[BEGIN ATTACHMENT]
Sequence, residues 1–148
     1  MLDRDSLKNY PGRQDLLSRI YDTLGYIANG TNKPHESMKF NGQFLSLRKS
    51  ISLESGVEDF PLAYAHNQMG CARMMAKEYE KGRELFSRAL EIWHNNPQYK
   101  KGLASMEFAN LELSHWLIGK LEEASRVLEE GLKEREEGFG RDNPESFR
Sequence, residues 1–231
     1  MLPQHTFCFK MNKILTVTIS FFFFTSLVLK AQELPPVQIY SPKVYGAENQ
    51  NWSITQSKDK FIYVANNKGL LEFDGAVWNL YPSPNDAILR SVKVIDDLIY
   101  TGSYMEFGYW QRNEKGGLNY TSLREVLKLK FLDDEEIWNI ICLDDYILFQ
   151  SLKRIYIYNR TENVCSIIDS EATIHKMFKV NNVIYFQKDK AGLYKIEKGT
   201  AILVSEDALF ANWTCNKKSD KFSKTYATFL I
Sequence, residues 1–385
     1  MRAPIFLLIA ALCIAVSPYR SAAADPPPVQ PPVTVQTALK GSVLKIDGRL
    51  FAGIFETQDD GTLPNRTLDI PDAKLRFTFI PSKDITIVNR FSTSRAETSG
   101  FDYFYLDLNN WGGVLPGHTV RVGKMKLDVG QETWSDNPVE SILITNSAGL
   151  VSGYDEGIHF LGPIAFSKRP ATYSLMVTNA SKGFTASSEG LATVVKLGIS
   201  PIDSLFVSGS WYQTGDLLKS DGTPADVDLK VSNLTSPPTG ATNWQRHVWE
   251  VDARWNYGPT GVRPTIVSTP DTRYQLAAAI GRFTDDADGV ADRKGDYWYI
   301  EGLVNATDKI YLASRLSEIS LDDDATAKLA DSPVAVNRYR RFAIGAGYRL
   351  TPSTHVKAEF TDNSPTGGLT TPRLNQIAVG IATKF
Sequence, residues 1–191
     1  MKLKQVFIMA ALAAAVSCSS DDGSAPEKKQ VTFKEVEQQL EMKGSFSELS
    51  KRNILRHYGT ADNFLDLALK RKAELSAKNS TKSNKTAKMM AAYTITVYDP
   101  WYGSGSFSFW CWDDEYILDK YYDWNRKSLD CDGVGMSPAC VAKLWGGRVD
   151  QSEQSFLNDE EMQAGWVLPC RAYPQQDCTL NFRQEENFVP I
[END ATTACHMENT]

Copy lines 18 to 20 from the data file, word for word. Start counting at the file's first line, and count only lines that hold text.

   301  EGLVNATDKI YLASRLSEIS LDDDATAKLA DSPVAVNRYR RFAIGAGYRL
   351  TPSTHVKAEF TDNSPTGGLT TPRLNQIAVG IATKF
Sequence, residues 1–191